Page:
- Why don’t we more often use this argument in apologetics: that unlike other faith founders, all of Jesus’s known family, including His brothers, believed in Him?
- How did His omniscience and omnipotence “fit”? The human body and mind can only encompass so much. Surely omni-everything attributes do not count. Is this why Christ often referenced His close relationship with the Father? Did He have a “connection” and this is what “kept” Him fully God, in terms of His powers, not His divinity? (His divinity was never “turned off”; I believe that’s one of the heresies.)
- Do we often consider: Jesus was the only true, real superhero Who ever lived?
- How might we honor His incarnation in the fantastic fiction we love, or write?
Babies have consciousness inside the womb. I’ve read studies where they watched the baby on ultrasound as a lady read books to them. She got them used to being read to, and when she’d start reading, the baby would smile. They’ve also tried playing music to unborn babies, and the babies know when a note sounds off. They even cry in the cadence of their mother tongue.
There’s a short little verse somewhere about how “the boy grew in stature and favor with God and man”. So I think Jesus knew exactly who he was from birth, and acted accordingly. We know the story of how he taught in the temple when he was 12.
There’s a joke in one of the Sabrina movies about the title hero, who is a total jerk. “What was he like when he was a child?” “Shorter.”
Thinking back, I can’t remember a time when I didn’t know I was me. My earliest memories, I knew who I was. Jesus would be the same way, only more so, because he’s God.
I definitely agree — I was thinking more like “adult consciousness,” for a familiar comparison. Either way, in some sense He may have “lost consciousness,” becoming an infant child like that. If I had been writing the Story, I would have the Hero incarnate as an adult to bypass that conundrum. God is the infinitely more daring Author (though of course He perfectly knows and plots the outcome).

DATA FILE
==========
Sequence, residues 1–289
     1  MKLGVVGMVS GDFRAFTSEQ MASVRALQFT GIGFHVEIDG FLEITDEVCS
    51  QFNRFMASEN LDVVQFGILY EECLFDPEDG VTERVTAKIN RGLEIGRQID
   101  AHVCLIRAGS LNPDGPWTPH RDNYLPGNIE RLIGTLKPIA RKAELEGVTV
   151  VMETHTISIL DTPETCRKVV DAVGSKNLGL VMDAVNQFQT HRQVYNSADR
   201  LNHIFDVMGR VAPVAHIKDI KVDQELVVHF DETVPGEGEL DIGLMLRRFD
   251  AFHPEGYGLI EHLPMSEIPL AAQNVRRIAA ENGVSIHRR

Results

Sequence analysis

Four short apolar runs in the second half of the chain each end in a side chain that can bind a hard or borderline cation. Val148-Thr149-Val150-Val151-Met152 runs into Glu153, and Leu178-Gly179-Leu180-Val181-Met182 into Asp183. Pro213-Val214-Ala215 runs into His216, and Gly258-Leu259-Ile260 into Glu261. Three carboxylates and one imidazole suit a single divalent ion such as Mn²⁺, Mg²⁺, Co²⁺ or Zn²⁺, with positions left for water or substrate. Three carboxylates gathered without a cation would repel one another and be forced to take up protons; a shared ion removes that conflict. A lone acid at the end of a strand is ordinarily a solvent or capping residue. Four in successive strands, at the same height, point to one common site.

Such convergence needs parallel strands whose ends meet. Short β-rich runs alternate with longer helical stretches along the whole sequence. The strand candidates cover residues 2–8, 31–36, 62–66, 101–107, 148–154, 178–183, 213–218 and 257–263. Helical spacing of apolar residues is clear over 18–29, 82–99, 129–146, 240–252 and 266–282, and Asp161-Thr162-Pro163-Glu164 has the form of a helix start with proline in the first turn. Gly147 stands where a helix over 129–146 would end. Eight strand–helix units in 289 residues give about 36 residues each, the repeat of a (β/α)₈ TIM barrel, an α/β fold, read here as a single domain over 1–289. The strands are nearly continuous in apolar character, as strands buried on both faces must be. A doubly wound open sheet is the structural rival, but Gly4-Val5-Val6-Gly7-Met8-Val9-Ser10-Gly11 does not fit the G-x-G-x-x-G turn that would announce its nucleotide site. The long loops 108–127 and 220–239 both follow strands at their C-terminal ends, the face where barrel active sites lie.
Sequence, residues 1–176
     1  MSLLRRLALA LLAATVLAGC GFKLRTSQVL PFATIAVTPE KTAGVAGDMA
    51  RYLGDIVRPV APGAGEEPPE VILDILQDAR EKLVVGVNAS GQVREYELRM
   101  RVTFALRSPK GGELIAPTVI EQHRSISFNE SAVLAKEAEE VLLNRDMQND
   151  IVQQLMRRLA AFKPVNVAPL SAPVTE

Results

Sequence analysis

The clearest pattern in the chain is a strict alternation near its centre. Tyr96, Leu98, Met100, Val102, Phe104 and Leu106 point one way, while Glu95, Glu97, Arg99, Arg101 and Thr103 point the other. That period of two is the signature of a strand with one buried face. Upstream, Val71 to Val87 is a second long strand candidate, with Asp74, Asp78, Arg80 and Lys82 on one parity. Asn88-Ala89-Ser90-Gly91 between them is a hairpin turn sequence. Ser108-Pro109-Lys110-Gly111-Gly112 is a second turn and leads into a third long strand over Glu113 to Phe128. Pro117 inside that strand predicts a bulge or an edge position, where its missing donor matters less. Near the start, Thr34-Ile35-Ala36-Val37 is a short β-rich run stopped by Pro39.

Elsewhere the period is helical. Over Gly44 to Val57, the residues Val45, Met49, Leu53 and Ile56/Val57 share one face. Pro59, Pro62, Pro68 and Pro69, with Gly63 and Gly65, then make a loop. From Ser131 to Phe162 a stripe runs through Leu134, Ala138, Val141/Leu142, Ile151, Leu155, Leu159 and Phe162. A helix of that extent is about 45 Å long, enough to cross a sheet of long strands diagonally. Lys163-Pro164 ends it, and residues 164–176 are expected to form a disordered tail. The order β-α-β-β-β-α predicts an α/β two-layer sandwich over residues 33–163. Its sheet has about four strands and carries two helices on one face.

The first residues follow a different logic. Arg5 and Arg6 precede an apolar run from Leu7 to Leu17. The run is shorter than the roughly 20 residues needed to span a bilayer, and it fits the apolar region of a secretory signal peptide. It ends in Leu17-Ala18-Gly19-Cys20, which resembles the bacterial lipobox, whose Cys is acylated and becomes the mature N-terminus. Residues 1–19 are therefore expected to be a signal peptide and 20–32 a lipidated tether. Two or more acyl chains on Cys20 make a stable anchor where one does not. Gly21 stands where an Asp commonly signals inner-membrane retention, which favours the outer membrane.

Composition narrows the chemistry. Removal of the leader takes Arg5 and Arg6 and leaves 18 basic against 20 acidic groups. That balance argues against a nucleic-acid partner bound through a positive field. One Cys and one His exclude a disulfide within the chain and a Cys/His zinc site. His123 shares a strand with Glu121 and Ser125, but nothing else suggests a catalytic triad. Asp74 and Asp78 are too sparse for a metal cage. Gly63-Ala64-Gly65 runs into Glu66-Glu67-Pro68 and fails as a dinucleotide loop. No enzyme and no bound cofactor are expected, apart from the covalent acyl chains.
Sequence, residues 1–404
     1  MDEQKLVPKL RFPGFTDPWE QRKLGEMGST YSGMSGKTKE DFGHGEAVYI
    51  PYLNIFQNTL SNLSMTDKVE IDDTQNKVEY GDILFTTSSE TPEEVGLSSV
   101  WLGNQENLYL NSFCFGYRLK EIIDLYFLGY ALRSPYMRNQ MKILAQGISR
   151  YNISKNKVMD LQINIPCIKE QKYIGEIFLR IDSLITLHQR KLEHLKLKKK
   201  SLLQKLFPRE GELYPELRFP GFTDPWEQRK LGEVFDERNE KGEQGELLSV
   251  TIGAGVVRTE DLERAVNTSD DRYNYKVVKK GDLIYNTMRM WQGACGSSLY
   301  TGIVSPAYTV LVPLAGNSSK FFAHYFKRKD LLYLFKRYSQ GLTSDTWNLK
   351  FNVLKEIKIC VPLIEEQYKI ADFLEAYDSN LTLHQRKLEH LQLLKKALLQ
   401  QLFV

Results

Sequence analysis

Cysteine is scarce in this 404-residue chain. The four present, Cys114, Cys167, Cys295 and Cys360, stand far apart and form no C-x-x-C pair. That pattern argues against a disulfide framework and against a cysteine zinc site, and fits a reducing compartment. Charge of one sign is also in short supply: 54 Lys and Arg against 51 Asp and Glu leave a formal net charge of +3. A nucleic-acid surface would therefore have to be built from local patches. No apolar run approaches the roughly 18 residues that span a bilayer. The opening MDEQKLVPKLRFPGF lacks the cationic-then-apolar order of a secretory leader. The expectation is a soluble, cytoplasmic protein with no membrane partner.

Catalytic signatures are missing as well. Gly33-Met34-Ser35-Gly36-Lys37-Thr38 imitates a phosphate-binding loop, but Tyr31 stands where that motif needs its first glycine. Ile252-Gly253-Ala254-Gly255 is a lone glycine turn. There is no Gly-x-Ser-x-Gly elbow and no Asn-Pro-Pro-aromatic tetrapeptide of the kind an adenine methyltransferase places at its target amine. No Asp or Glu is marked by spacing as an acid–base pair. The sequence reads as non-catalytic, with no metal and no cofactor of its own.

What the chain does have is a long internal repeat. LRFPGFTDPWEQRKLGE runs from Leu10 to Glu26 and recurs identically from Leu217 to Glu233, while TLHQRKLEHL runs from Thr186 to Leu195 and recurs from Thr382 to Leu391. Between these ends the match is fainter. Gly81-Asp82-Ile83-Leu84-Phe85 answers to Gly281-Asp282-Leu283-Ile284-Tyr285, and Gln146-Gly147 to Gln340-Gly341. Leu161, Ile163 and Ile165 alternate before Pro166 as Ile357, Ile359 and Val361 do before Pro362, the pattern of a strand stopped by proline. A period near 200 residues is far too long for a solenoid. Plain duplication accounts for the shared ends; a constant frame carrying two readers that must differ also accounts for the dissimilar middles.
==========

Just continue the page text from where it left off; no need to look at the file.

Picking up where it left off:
Somehow I also suspect it must have been like that for Him. Still, though, imagine those moments in which His parents recalled His true heritage. Something He did. Something He said. A kind gesture. A perfect discernment of someone’s suffering.
Good stuff, Stephen. A smorgasbord for thought.
Regarding the “…no crying he makes…” in Martin Luther’s song, I believe he wrote that because at one time, it was considered sinful for a baby to cry. Seems silly, but that’s what they used to think. So if Luther held to that theory, he’d have assumed that the infant Jesus didn’t cry, since He was without sin.
I take that as reminder to be cautious about what we base our beliefs upon. Some things that are “common knowledge” may be untrue. The only things we can be certain of are those the scriptures make clear.
I agree with Kessie: I expect Jesus was always aware of Who He was, to one degree or another. But did His developing physical brain take some time to fully comprehend it all? We can’t know. Kinda goes along with the question concerning how He experienced the incarnation. That sort of thing makes me dizzy to contemplate. I’m thankful there won’t be a test on it.
If I recall right, Luther didn’t actually write that song — his name became attached to it because it was in a Luthern book of children’s poems.
Normally I’m sensitive to Gnostic-type notions, but in this case I think it’s innocent. If someone has a very Spiritual view of what the birth of Christ was really like, without howling and fluids and smelly animal stalls and such, it’s likely not due to that line!
You’re right. I don’t know who wrote that one, but it definitely wasn’t Martin Luther.
How can we begin to speculate how God experiences anything? We can only experience one thing at a time. Our perception is bound to time. I think we have to assume that God experience all things that happen at all times “at the same time,” but of course no being apart from God could begin to imagine what that infinite consciousness is like.